• Join over 1.2 million students every month
  • Accelerate your learning by 29%
  • Unlimited access from just £6.99 per month

Progression Of A Theme - The Teaching Of Geology And Astronomy In The National Curriculum.

Extracts from this document...


Science Assignment 1Aa Progression Of A Theme - The Teaching Of Geology And Astronomy In The National Curriculum I have chosen to include these two topics together as one theme since they are both closely related and the study of them both can often be intertwined at higher levels. In keystages 1 and 2 very little (if any) geology or astronomy is included in the national curriculum. Within keystage 1, pupils are required to recognise and name common types of material and recognise that some of them are found naturally (Sc3 1c). This is very basic and no scientific terms are used. Keystage 2 progresses further requiring pupils to be able to group and describe different rocks and soils on the basis of their characteristics such as texture, appearance etc. (Sc3 1d). This builds on what was previously learnt at keystage 1 by describing and grouping the materials previously identified. They are also required to know that the Sun, Earth and moon are approximately spherical (Sc4 4a). ...read more.


and how the sequence of, and evidence for, rock formation and deformation is obtained from the rock record (2r). Within Sc4 3m earthquake waves are discussed and how they can be used for evidence of layering in the structure of the Earth. Sc4 3n discusses the Earth's crust and upper mantle being composed of lithospheric plates and that tectonic plates result in the formation, deformation and recycling or rocks. Sc4 6f mentions the use of radioactivity including the radioactive dating of rocks. Sc4 4a-f deal with astronomical bodies found throughout the universe, how gravity acts throughout the universe, the evolution of stars over a long time scale, ideas about how the universe originated and evolved and also about the search for evidence of life elsewhere in the universe. In keystage 4 the emphasis is very much on looking at "the big picture". Pupils move from looking at the Sun, Earth and moon in Keystage 2, to looking at the solar system as a whole in keystage 3 to finally looking at the universe at keystage 4. ...read more.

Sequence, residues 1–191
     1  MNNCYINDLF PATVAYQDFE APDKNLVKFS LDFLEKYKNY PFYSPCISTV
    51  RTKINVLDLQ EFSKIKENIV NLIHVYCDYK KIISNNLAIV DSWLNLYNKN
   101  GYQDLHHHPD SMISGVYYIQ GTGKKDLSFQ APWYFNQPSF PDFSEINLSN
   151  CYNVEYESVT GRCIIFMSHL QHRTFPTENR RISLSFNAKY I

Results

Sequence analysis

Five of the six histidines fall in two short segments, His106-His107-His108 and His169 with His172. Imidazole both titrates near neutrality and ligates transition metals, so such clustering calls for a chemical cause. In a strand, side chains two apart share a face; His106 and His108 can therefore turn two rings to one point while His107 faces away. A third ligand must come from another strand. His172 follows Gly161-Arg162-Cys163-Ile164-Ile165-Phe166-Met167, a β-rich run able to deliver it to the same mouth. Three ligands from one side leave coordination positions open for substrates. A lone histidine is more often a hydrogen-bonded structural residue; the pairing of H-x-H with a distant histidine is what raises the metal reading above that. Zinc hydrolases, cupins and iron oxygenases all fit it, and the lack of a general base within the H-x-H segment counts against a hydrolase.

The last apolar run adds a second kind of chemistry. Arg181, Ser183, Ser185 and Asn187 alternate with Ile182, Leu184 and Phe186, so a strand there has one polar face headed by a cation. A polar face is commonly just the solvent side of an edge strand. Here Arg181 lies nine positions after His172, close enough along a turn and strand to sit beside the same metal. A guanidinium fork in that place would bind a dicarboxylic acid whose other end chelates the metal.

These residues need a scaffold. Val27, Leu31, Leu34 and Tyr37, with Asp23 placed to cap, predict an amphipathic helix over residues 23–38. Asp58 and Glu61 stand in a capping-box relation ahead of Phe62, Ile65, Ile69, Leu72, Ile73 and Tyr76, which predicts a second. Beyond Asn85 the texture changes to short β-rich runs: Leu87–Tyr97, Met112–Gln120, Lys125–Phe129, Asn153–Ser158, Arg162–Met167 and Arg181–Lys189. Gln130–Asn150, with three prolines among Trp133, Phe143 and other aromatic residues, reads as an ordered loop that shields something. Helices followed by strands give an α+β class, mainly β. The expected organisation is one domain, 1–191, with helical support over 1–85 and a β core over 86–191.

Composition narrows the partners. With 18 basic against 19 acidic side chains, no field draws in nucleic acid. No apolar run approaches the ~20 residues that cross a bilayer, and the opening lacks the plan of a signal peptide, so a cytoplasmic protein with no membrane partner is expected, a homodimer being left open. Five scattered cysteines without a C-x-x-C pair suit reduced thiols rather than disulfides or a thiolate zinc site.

The theme I have followed appears to be laid out within the N.C. to follow this model of cognitive development. However, recent research has challenged Piaget's theory of homogeneous performance within a given stage. Rather, it is argued that performance varies greatly within each stage and depends more on the acquisition and development of language, perception, decision rules, and real-world knowledge for any individual child. Some children may never even reach the later stages and many will progress through the different stages at different times (U and A Cog Sci dictionary website 2). It would seem then, foolish to totally base a child's learning on these theories, which may not be correct. If some children never reach the later stages of cognitive development then they will always struggle with their understanding of topics that require a higher level of thinking. At the same time children who may develop quicker and pass through these cognitive stages early on may find themselves being held back and suffering as a result. Word Count = 880 words. ...read more.

The above preview is unformatted text

This student written piece of work is one of many that can be found in our AS and A Level Developmental Psychology section.